Religious Liberty Marks Connecticut Debate

The Connecticut legislature is considering a bill by Representative Deborah Heinrich that would force Catholic hospitals to violate the teachings of the Catholic Church by providing emergency contraception to all rape victims, independent of whether ovulation has begun.

The following letter was sent by league president Bill Donohue today to all members of the Human Services Committee:

As president of the nation's largest Catholic civil rights organization, I urge you to veto any legislation that would compromise the right of Catholic hospitals to refrain from providing abortion services. To be explicit, the emergency contraception pill may act as an abortifacient — not a contraceptive — depending on whether the woman has begun ovulation. In those instances, it would be totally immoral for Catholic hospitals to cooperate in the termination of innocent human life. If it has been determined that ovulation has not taken place, then Catholic hospitals are free to prescribe Plan B.

It would be one thing if Catholic hospitals were deliberately seeking a confrontation over this issue. But, on the contrary, doctors at Catholic hospitals currently provide rape victims with a list of places where they can receive Plan B, and even provide free transportation. Therefore, it is not Catholic hospitals which are remaining obstinate — it is those lawmakers who seek to impose their will on these institutions.

I respectfully urge you not to jeopardize the religious-liberty prerogatives of Catholic hospitals.

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  • Guest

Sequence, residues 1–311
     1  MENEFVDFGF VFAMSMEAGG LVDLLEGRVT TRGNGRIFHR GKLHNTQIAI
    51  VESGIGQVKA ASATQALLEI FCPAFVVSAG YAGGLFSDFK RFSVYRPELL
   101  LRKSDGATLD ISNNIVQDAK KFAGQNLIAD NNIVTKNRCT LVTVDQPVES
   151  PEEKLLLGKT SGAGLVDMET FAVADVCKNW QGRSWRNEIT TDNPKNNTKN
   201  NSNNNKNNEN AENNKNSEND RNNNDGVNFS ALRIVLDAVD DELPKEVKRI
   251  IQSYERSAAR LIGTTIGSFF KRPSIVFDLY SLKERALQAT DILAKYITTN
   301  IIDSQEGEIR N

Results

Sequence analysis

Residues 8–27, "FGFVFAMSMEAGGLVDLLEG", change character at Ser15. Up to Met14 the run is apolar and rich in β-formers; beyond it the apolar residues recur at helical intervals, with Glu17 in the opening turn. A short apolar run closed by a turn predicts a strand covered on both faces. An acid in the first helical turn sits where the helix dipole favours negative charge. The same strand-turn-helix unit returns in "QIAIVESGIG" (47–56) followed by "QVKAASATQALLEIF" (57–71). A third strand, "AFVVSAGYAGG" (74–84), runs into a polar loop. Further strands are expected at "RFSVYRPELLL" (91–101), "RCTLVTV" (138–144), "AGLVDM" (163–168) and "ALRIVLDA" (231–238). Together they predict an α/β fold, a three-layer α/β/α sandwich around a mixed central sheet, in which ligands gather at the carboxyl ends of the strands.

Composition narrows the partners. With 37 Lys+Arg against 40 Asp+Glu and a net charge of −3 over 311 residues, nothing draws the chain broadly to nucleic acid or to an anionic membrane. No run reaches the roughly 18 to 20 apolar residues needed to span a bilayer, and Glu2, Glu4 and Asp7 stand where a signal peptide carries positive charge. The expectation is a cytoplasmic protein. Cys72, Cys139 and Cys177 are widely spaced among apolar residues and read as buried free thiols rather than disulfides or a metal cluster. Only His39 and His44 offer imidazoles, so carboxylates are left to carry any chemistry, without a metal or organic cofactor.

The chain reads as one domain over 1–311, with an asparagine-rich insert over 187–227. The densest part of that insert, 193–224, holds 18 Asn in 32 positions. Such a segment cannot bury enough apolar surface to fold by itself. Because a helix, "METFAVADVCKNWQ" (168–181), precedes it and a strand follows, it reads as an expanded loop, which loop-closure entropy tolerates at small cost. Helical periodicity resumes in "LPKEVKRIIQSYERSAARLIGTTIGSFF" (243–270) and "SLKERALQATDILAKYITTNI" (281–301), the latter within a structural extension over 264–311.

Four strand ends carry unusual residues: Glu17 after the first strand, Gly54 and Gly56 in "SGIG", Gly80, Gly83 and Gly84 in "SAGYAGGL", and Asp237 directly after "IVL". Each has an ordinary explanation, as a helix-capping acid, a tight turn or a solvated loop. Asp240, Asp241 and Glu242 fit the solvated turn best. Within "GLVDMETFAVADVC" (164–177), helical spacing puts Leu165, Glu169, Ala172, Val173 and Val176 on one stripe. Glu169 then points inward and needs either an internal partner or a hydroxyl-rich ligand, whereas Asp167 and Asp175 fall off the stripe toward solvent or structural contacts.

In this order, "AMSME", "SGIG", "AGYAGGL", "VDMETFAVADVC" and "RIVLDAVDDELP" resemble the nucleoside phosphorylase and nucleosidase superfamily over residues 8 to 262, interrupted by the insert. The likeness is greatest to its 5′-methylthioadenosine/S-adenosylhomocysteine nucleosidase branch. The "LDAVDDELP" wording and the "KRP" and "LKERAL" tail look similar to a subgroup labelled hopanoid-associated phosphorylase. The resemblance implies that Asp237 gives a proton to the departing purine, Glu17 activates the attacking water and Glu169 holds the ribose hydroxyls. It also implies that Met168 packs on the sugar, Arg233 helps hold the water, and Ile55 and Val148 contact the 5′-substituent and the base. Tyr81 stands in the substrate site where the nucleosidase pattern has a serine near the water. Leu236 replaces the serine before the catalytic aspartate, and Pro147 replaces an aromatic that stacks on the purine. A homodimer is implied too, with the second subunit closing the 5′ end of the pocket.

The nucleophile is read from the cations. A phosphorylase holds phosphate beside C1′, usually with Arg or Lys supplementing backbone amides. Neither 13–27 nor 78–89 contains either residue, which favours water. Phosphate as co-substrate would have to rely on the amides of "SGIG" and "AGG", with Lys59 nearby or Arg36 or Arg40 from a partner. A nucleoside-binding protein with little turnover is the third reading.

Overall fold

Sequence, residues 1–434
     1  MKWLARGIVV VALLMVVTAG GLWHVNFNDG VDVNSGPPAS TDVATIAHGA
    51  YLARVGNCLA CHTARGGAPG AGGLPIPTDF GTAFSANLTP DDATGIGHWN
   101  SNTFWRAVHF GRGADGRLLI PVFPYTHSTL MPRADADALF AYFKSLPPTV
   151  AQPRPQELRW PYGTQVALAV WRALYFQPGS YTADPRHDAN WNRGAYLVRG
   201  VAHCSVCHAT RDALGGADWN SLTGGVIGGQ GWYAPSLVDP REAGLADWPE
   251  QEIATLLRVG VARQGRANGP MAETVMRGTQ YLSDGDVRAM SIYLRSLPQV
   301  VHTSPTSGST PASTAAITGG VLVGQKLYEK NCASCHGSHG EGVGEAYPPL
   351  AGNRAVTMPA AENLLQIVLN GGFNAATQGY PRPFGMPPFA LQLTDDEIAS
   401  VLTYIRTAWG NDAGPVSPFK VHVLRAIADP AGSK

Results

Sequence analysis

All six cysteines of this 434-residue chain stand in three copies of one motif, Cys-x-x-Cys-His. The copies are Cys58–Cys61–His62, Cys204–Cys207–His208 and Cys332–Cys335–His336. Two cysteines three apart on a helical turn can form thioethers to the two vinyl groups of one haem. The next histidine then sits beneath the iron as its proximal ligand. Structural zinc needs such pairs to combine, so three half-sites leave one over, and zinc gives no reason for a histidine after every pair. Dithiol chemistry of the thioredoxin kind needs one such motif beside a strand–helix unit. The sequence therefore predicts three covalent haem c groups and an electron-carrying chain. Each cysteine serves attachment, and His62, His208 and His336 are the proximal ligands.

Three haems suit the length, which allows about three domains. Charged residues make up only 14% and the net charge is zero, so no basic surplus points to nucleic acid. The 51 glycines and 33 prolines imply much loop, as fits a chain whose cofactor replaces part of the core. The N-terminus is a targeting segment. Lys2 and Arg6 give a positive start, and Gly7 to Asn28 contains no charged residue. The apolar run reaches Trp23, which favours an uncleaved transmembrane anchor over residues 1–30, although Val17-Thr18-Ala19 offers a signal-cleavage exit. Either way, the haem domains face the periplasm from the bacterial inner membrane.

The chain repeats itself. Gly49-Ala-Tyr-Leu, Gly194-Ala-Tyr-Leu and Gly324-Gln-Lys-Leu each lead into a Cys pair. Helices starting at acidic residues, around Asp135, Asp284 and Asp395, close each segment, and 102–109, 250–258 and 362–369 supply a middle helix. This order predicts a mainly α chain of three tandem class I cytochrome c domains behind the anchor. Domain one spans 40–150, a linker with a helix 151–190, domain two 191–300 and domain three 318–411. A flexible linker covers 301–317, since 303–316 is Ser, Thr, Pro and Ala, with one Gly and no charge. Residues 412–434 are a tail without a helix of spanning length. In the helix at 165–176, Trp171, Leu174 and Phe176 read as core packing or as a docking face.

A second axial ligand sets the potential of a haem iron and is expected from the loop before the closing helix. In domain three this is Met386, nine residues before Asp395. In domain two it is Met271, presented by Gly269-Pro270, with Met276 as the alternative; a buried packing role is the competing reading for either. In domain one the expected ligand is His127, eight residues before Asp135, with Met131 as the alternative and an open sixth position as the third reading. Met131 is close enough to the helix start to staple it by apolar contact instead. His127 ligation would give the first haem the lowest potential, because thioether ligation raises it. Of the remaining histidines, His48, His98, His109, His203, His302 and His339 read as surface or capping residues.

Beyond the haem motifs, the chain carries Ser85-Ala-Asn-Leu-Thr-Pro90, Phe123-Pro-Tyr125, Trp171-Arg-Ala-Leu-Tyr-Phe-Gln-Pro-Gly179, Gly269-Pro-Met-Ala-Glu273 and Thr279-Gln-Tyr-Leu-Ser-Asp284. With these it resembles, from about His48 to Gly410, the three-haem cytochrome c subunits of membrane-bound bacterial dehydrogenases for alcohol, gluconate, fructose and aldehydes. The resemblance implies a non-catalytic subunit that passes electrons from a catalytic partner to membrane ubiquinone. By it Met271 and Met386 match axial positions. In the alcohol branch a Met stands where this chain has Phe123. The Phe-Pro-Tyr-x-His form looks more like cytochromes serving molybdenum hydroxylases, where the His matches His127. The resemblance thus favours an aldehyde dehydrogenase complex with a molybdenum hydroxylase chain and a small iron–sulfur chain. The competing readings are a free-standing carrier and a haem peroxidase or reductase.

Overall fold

Yet another attack on religious freedom, just like the article yesterday about the bishop who faced legal penalties for saying that homosexuality is a sin.  It seems like the Catholic Church is constantly targeted.

  • Guest

    If the Catholic Church would stand up, pool its resources and get the word out they will not adhere to this corrupt law, the fear of civil disobedience or acts thereof would make the legislators back off.  

     

    "As Christians, there are certain principles we must all aspire to attain, even though our individual roles can differ drastically. The meek and spirit-filled gentlewoman patiently dispensing salvation in the ghetto to her diseased and infirm companions is every bit as worthy in God’s sight as the steely-eyed and faithful combat veteran hording 13 kills under his belt. This is the word my Lord has requested to mention from his Lord."

  • Guest

    Now, I thought the First Amendment of the Bill of Rights said, “Congress shall make no law respecting an establishment of religion, OR prohibiting the free exercise thereof . . .” (my emphasis)
    With this in mind, how did it evolve that that a citizen of this country MUST do something against his/her religion? To me, this is prohibiting my free exercise of my religion. As an RN working in OB/GYN in a Catholic hospital, this makes me quake in my scrubs that I’ll be the next in line to face this kind of persecution.
    Zephyr424, you make an excellent point. Where are our resources, and our leaders, to fight this obvious miscarriage of legislation?? Where are the Catholic lawyers who could argue the second part of the establishment clause, when the ACLU and their ilk are such great activists for the first part? Thank God for Bill Donohue and his work.

  • Guest

    God loves you .

    Well, we simply must have ‘separation of church and state’ – a Constitutional misrepresentation – in order to fix targets for the state to violate religion – a Constitutional offense.

    All this makes me so weary – as if in an auto going Home, our Father in the drivers seat, and me a tired young’un pleading from the back seat: ‘Are we there yet?’

    Remember, I love you, too

    Through Christ, with Christ, in Christ,

    Pristinus Sapienter

    (wljewell @catholicexchange.com or … yahoo.com)

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